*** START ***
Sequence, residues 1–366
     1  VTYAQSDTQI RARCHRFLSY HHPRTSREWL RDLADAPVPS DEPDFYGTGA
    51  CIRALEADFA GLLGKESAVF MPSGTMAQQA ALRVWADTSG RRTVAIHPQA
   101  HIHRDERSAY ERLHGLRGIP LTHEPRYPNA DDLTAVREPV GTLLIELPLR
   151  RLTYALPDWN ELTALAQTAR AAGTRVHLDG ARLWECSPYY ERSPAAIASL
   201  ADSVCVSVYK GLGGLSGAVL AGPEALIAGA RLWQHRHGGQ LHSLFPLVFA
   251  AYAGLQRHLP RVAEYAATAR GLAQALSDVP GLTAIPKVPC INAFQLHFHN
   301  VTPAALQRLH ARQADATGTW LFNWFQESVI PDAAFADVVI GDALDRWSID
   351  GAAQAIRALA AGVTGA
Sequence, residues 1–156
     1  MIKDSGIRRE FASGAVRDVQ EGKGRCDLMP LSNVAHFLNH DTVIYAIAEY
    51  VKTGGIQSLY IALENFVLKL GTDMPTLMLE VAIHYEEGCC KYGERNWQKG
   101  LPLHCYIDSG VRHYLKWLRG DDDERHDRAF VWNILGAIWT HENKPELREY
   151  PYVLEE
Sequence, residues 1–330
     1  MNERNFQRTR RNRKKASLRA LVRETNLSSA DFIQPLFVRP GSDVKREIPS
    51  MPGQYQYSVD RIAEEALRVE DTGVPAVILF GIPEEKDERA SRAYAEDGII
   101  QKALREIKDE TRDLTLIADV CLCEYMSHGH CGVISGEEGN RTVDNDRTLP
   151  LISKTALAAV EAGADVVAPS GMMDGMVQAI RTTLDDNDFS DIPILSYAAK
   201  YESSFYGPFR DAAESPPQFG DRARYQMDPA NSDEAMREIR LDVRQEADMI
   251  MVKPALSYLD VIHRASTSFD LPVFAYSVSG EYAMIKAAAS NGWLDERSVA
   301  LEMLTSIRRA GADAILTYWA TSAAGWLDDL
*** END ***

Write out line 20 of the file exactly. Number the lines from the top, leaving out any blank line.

   201  YESSFYGPFR DAAESPPQFG DRARYQMDPA NSDEAMREIR LDVRQEADMI